LONDON – More pressure is being applied in the direction of the European Commission as airlines seek to avoid ‘ghost flights’ through acquiring landing slot relief.
Known as the “use-it-or-lose-it-rule”, the EU rules that airlines must use their takeoff and landing rights in order to keep them.
This was an updated rule made after COVID restrictions were loosened, where 50% of flights must be flown for each individual flight number each day of the week in order to keep hold of the slot.
Lufthansa Group Continues The Pressure
This is why the likes of Lufthansa are seeking relief and help.
The German conglomerate had to cut 33,000 flights over the Winter season, but will still need to operate around 18,000 flights in order to meet the slot requirement.
“The mentioned flights are no empty or ghost flights, they are all normal flights, open for booking for passengers, and cargo as well. Now, these 18,000 flights see all weak demand for winter, however, we have to operate them to keep the slots under the current 50/50 rule (slot waiver),” the group’s spokesperson, Sandra Courant, told DW.
“Aviation has still not normalized yet. Due to the development of new virus variants and the resulting travel restrictions, the situation remains volatile, so exemptions are still necessary,” Courant said. “The current slot regulation for the winter schedule 2021/22 in the EU was decided before the occurrence of the omicron variant and it fits no longer the current pandemic situation,”
It is reported that the Group is in talks with the European Commission and the German government with the goal of “a joint solution that makes sense, economically and ecologically”.
European Commission Hypocrisy?
This has of course caused an uproar from climate activists like Greta Thunberg, stating that the EU is surely in a climate emergency mode at present.
The Lufthansa Group has joined on these thoughts, more or less accusing the European Commission of hypocrisy.
They claim that the current rules surrounding slots go against what the Commission “wanted to achieve with its Fit for 55” program, which is a reduction in greenhouse emissions by at least 55% by the end of this decade.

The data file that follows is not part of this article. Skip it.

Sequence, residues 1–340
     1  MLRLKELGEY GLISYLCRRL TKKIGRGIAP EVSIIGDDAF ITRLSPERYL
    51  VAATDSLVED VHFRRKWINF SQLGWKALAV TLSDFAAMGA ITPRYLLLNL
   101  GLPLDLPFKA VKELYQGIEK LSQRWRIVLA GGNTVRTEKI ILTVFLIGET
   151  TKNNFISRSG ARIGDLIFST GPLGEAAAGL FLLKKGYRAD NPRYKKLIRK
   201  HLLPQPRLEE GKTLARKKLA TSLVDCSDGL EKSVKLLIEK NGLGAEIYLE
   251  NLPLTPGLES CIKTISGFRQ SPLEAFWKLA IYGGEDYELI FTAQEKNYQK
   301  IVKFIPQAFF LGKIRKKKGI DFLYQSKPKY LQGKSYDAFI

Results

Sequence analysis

Eric Mamer, the Chief Spokesperson for the EU Commission has responded, saying they haven’t found any evidence of ‘ghost flights’ taking place:
“So far I have not seen any evidence of an airline having empty flights”.
He also added to members of the press that if airlines were flying empty aircraft, it is their decision and not the Commission’s.
Low-Cost Carriers Chomping at the Bit for Slots
Low-cost carriers have been chomping at the bit for slots, with the likes of Wizz Air and Ryanair being the most vocal critics at this point.
CEO of Wizz Air, Jozsef Varadi believes that airlines should give up the slots if they are not being used to their potential:
“We would be able to operate those slots at constrained airports, so why are they protected for the benefit of legacy carriers who are incapable of operating them because they are inefficient?”
Ryanair’s CEO Michael O’Leary continued with this pressure, more or less bringing arms together with Wizz Air:
“Instead of operating empty flights just so they can block slots, Lufthansa should release the seats on these flights for sale at low fares to reward the German and European taxpayers who have subsidized it with billions of euros during the COVID crisis,”
So who is telling the truth?
It seems that the position the European Commission is taking is that they need to see evidence of the ‘ghost flights’ actually taking place.
If airlines are carrying passengers, but it is not a high load factor, that won’t really classify as such a type of flight, as it is generating revenue, but not really making a profit.
And that is the tricky position that the likes of Lufthansa have.
If the evidence does emerge and is released by Lufthansa, then that won’t bode well for them, as that justifies the pressure applied by Ryanair and Wizz Air to release the slots.
All we can do in the meantime is sit back and watch what happens.